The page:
Italian businesses and households have been weakened by 13 years of chronic recessions and the austerity imposed in 2011 and 2012 by then-Premier Mario Monti. Tax increases and a two-year, 100 billion-euro ($137 billion) contraction in bank credit have taken money out of the economy. Firms that supply the public administration have been further squeezed by what Intrum Justitia, a credit management company, calculated as a European worst average of 170 days wait before receiving payment.
The fiscal challenges in Italy haven’t been offset by any significant improvements in the rules businesses follow as Monti and his successor, Prime Minister Enrico Letta, have mostly failed to liberalize the labor market.
Measures making it easier for companies to reduce staff have positioned Spain, which expanded 0.1 percent in the third quarter, for gains in productivity. These kinds of reforms can mitigate the damage from price declines, according to Joerg Kraemer, chief economist at Commerzbank AG.
“This is a kind of positive deflation,” Kraemer said in a telephone interview. “We have seen, with the exception of Italy, a huge decline in unit-labor costs, and this is now passed on partly to the consumers.”
Deflation, which is a drop in general price levels, makes products cheaper for consumers and pushes wages lower, damping spending and making it harder for governments to raise the money needed to pay down debt.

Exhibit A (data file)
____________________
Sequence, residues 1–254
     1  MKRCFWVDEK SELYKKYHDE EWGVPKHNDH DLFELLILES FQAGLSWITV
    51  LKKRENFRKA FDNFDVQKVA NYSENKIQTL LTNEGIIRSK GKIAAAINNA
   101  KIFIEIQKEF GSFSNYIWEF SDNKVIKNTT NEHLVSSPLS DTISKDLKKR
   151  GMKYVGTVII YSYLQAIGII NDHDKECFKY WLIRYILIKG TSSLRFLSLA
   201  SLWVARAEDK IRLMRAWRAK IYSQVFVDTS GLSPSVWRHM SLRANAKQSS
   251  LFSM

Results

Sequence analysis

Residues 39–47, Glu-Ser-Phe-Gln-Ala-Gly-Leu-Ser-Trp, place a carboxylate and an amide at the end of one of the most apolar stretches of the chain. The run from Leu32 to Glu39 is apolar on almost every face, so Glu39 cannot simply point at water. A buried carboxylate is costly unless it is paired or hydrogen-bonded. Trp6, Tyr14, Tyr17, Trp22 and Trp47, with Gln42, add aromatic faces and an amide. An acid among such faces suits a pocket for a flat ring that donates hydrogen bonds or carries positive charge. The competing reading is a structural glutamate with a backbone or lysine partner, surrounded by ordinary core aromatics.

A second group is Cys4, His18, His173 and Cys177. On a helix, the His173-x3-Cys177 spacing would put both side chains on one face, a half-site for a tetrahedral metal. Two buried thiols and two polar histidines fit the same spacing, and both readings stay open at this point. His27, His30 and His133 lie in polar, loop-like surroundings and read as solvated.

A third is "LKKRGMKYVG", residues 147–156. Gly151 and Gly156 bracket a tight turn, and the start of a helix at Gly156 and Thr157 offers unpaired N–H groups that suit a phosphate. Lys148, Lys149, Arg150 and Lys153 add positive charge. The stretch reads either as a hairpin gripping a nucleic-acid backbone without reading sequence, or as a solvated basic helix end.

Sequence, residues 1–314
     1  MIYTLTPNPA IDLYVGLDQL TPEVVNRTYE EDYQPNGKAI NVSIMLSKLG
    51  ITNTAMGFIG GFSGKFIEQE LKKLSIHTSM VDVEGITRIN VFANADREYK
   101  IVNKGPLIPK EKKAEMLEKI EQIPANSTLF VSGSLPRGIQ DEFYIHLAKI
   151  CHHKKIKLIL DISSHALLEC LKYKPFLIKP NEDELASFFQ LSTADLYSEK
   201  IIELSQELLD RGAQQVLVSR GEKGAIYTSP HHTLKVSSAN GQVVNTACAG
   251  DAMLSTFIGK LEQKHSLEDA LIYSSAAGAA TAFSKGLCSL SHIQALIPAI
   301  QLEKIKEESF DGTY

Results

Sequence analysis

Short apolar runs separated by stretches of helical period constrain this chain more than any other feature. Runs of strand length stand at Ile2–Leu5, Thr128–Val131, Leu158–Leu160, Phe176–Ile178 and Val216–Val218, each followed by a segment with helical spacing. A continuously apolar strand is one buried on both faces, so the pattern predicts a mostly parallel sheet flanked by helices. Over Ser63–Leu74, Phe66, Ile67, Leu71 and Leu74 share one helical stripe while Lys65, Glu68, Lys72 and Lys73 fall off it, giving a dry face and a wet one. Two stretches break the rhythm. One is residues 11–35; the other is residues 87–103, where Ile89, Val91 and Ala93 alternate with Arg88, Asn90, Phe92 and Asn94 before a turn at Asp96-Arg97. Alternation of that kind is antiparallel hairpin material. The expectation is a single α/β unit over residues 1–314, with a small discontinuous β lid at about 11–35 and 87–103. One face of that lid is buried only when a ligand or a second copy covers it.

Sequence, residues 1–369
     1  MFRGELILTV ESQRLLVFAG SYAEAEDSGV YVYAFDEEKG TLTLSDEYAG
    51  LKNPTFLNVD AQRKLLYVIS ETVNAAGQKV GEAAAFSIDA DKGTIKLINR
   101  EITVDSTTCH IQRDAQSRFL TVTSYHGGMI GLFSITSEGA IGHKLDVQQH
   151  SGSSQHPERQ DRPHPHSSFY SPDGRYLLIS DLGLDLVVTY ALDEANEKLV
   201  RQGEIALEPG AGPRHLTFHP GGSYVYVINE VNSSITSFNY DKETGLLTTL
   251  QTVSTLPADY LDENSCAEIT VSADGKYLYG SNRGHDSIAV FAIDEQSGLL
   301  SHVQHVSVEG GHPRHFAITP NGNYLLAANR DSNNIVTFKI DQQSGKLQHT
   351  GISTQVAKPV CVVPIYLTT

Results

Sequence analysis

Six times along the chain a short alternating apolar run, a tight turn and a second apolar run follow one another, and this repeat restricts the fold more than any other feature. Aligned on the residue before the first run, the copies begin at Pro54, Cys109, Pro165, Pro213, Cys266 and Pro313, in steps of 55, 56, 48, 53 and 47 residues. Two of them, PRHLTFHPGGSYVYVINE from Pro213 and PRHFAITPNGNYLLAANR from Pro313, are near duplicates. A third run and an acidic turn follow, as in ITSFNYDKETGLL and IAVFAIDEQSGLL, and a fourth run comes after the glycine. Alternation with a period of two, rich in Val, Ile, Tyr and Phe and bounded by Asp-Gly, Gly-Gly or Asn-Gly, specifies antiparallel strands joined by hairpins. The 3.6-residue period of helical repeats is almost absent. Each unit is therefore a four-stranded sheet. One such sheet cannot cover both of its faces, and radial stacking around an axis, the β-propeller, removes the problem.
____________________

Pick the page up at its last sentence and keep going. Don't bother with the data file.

Inflation, conversely, tends to have a beneficial effect on tax revenue while fixed-rate obligations remain unchanged. Italy’s debt represents about 135 percent of its expected annual gross domestic product for 2013, a rate that has surged from 107 percent in 2008, and which the government has pledged to reduce starting this year.
“First, there is no debt sustainability math that adds up with deflation,” said Raffaella Tenconi, an economist at Bank of America Merrill Lynch in London. “Second, once you get it, it’s very hard to shake it off.”
Tenconi isn’t forecasting deflation and said that the recent CPI readings argue for an easing bias from the ECB.
The price declines in Venice, which appears to be subsiding at a rate of about 2 millimeters a year according to the Scripps Institution of Oceanography, come as shops along the canals are suffering from recession and an increase in foreign competition.
The total number of active entrepreneurs in Venice and the surrounding province fell 2.4 percent in the 12 months ended Sept. 30 to 111,345, even as Chinese-born entrepreneurs rose 6.5 percent to 1,449 and those born in Bangladesh advanced 16 percent to 714, according to the local chamber of commerce. The province of Venice has about 850,000 residents, including about 260,000 in the city.
“The risk is serious,” Roberto Perli, partner at Cornerstone Macro LP in Washington, said of deflation. “Italy is probably more exposed than other countries to deflation risk because of the broad economic situation.”